Britney Spears: Should the media back off?
"Enough,” said Asra Nomani in the Los Angeles Times. As a contributor to People magazine, I was as complicit as anyone in turning Britney Spears’ life into a media circus. Last week, however, as the usual small army of gawkers and paparazzi followed Spears home—not from a nightclub but from the psychiatric ward of UCLA Medical Center, where she’d been hospitalized against her will—I wrote to my editor and resigned. “I’m not being holier-than-thou.” I know it was Spears who asked the media to make her famous, not the other way around. But Spears is now clearly mentally ill. Whether her breakdown stems from a drug problem, her divorce, the bitter estrangement from her mother, the loss of her right even to visit her two young sons, or something else entirely, “basic moral decency” should tell us that the time has come to give Spears some privacy. “This is a 26-year-old in a fight for her life.”
If only it were that simple, said Miranda Devine in The Sydney Morning Herald. Thanks to camera phones and the Internet, the professional media doesn’t have the power it once had to decide what should or shouldn’t be covered. The tabloids could call off their hounds tomorrow, and Spears would still be pursued by packs of photographers—albeit with less-expensive cameras—for the delectation of the tens of millions of online voyeurs who have developed a “taste for Britney’s distress.” She’s “the canary in the coal mine” of the MySpace era: It may be indecent to watch a once-beautiful and -powerful young woman unravel before our eyes, but with the crowd “roaring for more,” her life, and yours, has become mere fodder for the masses’ entertainment.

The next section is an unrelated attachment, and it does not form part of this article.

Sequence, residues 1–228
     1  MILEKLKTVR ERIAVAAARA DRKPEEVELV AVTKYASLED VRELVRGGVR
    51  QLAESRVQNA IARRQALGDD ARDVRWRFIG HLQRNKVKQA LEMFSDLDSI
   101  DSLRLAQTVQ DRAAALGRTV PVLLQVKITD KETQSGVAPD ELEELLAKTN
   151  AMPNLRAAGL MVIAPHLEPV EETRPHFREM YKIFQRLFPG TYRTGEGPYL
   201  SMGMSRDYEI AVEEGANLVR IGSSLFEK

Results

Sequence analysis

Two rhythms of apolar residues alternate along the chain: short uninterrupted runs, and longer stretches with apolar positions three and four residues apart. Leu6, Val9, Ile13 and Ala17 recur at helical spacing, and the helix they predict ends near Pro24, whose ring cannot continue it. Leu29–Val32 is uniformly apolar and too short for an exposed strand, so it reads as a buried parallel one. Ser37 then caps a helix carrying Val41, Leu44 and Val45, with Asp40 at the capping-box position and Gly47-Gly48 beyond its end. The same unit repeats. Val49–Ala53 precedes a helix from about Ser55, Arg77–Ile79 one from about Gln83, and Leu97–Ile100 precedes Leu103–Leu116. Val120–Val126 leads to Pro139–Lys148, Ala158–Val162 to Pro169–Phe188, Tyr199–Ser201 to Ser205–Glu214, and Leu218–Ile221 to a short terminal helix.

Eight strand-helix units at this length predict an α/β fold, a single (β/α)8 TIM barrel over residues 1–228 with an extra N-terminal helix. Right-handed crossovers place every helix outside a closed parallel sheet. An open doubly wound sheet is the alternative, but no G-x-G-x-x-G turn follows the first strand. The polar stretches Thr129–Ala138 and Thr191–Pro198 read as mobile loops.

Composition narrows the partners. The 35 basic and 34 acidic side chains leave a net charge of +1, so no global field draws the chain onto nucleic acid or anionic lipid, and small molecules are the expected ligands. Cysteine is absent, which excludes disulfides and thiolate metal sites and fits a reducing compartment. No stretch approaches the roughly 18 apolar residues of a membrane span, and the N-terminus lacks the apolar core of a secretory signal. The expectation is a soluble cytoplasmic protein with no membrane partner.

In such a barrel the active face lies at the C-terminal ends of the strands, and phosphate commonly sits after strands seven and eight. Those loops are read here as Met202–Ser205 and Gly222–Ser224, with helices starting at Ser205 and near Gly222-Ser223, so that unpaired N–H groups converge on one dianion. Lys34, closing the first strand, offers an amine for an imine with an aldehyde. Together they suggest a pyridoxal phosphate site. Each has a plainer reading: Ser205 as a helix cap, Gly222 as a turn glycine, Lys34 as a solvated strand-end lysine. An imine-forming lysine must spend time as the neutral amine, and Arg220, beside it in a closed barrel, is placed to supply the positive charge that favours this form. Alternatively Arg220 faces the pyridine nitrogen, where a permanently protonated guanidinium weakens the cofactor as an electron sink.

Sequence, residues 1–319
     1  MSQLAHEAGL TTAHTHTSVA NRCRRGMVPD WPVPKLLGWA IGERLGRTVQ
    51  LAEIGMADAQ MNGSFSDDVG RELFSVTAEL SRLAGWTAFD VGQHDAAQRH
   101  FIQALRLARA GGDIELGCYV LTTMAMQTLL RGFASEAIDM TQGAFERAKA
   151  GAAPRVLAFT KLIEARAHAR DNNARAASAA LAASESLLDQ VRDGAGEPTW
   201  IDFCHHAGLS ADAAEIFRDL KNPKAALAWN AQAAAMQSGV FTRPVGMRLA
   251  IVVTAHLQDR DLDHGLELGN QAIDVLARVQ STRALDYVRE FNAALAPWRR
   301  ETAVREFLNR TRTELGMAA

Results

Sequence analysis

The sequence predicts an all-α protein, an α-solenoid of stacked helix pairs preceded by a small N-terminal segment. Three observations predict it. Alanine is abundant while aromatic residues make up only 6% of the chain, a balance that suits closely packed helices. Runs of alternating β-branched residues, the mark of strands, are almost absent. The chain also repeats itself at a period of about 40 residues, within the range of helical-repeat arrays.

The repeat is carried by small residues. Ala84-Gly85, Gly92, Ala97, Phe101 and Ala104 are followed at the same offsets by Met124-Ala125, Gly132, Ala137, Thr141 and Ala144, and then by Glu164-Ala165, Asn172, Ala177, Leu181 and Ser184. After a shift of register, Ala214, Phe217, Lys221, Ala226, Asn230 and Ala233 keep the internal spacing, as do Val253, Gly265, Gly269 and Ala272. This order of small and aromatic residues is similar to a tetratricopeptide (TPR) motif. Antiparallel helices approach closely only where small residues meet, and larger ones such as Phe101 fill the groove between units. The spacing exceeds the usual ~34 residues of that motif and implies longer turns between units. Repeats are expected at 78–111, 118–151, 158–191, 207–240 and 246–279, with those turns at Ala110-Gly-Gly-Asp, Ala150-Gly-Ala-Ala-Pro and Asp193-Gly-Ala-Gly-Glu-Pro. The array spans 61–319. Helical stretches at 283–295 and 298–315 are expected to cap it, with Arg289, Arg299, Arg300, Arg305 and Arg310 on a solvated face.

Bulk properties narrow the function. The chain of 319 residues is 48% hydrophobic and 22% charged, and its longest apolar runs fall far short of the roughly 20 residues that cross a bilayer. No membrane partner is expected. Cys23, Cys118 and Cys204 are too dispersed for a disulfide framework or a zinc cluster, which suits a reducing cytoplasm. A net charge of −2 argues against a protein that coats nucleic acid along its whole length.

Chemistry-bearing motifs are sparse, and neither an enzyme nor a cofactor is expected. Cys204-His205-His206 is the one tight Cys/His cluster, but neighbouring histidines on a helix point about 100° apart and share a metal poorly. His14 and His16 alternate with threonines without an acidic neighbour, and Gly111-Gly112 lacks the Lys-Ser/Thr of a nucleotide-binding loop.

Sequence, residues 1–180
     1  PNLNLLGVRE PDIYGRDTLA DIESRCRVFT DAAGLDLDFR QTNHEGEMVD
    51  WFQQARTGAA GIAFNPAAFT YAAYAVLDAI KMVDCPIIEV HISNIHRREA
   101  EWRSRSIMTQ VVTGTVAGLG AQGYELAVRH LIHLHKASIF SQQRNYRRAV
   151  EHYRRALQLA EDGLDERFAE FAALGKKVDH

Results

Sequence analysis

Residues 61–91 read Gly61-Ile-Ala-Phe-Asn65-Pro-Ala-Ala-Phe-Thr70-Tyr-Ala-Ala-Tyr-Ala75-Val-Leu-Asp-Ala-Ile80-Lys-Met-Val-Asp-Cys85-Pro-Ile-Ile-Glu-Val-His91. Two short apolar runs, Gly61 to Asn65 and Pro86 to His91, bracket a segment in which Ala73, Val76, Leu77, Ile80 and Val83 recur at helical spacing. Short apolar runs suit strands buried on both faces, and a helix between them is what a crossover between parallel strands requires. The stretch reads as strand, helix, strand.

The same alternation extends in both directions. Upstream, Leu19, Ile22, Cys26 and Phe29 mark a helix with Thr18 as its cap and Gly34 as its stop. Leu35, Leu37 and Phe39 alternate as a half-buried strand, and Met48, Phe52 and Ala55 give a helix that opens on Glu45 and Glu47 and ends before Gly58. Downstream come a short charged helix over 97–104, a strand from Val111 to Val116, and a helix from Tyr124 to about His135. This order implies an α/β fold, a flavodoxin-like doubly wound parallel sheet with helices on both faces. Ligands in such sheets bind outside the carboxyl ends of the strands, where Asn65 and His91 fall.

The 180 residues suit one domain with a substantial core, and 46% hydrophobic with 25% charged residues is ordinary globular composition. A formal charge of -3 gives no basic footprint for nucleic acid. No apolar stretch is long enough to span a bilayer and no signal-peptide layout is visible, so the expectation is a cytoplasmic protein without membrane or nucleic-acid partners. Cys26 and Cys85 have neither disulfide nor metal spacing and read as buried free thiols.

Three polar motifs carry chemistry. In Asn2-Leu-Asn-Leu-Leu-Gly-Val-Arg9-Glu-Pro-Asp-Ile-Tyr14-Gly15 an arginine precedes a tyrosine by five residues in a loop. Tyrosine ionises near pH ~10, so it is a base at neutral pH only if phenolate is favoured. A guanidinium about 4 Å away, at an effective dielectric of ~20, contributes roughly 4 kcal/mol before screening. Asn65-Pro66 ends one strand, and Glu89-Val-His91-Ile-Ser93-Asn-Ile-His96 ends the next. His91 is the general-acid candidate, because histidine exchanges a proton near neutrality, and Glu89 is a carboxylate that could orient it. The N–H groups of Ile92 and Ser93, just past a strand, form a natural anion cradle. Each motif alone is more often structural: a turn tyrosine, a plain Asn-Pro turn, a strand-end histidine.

Besides, as miserable as Britney may be, it’s by no means clear that she wants to be left alone, said Vanessa Grigoriadis in Rolling Stone. She’s now dating a paparazzo, after all; this is a woman who understands celebrity culture more intimately than any of us ever will. What looks from the outside to be a case of a celebrity imploding under the pressures of fame may be a more calculated spectacle than we appreciate. Britney Spears may have become the iconic victim of postmodern celebrity culture, but it’s a role she almost seems to be embracing. She doesn’t want us to look away. On the contrary. “She wants us to know what we did to her.”